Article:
Newspaper of The New York Herald, August 10, 1844, Page 1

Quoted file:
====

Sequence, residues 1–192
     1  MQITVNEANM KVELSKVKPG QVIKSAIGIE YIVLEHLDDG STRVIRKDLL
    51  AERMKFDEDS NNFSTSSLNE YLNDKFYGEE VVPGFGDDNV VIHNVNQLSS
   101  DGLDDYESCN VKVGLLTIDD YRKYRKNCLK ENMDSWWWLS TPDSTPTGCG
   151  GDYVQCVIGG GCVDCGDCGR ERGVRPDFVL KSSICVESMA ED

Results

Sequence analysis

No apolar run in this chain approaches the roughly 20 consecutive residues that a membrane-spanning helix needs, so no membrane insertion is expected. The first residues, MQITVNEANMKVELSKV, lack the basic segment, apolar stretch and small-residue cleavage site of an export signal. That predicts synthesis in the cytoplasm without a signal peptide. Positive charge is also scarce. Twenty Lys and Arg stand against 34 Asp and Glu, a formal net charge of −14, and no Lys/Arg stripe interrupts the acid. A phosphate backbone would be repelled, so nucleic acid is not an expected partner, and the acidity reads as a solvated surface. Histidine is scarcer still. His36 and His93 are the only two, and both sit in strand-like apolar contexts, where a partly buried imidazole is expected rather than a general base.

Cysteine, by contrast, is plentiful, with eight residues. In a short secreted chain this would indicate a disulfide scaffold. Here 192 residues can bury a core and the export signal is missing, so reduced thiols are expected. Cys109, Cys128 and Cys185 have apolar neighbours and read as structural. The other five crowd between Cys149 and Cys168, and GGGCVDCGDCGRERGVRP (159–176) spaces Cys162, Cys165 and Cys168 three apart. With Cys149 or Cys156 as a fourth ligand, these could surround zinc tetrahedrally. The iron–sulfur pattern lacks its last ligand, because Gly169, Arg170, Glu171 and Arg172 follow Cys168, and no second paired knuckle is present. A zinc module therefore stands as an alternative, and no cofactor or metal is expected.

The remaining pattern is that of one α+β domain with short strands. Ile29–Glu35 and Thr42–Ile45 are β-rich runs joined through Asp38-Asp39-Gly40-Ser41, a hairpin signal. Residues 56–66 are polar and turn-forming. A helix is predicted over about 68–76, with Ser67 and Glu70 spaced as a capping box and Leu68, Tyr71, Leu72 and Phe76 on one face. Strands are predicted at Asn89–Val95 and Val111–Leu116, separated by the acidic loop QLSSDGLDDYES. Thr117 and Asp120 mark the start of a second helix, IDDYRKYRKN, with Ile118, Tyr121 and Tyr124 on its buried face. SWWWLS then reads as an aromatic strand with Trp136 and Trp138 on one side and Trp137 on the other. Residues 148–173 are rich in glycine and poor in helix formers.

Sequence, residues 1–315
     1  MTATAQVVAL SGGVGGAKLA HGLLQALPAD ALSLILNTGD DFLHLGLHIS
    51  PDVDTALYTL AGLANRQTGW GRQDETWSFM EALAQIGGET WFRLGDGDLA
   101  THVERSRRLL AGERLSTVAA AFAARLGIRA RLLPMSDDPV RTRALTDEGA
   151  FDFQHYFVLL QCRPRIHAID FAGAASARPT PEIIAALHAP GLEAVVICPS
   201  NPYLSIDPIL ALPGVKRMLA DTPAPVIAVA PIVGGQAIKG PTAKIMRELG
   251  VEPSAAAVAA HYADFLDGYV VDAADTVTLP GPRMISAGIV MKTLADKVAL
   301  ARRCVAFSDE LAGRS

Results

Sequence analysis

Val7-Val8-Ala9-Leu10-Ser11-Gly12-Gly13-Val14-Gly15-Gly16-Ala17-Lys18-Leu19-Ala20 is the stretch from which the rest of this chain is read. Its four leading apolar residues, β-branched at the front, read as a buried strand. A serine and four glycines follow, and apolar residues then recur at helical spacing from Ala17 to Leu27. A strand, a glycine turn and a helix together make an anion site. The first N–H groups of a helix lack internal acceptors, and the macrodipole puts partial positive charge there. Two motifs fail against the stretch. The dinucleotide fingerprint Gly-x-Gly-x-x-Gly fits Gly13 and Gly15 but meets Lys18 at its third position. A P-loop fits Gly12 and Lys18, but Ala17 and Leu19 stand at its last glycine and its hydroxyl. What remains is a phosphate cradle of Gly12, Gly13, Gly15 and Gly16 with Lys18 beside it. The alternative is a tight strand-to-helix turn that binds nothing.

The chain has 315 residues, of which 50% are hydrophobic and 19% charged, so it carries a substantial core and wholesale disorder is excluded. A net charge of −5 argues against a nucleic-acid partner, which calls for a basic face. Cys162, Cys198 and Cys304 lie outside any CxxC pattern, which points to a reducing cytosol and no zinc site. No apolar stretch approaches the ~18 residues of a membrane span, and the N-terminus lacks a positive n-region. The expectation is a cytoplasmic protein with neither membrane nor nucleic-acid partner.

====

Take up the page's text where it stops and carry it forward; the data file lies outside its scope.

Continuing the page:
Newspaper of The New York Herald dated August 10, 1844 Page 1